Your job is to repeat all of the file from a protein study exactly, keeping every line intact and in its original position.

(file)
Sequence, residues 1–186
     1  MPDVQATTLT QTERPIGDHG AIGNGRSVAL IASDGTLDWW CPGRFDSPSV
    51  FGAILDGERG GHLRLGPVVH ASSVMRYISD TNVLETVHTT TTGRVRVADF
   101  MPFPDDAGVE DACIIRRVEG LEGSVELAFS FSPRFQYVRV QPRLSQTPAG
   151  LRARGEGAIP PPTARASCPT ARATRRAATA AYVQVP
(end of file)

Sequence, residues 1–186
     1  MPDVQATTLT QTERPIGDHG AIGNGRSVAL IASDGTLDWW CPGRFDSPSV
    51  FGAILDGERG GHLRLGPVVH ASSVMRYISD TNVLETVHTT TTGRVRVADF
   101  MPFPDDAGVE DACIIRRVEG LEGSVELAFS FSPRFQYVRV QPRLSQTPAG
   151  LRARGEGAIP PPTARASCPT ARATRRAATA AYVQVP